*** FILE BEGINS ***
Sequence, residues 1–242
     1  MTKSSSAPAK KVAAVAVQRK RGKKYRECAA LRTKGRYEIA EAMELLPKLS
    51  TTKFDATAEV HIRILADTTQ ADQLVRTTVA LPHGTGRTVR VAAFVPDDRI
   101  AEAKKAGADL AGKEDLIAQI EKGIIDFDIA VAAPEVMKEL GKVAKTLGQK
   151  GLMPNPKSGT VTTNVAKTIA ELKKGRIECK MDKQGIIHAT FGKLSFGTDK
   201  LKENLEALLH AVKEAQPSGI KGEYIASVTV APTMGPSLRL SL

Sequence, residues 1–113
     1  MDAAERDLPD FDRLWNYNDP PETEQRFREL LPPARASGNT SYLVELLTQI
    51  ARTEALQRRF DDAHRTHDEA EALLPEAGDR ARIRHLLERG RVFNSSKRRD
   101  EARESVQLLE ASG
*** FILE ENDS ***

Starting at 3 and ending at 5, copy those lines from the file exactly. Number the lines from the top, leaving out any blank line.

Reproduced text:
    51  TTKFDATAEV HIRILADTTQ ADQLVRTTVA LPHGTGRTVR VAAFVPDDRI
   101  AEAKKAGADL AGKEDLIAQI EKGIIDFDIA VAAPEVMKEL GKVAKTLGQK
   151  GLMPNPKSGT VTTNVAKTIA ELKKGRIECK MDKQGIIHAT FGKLSFGTDK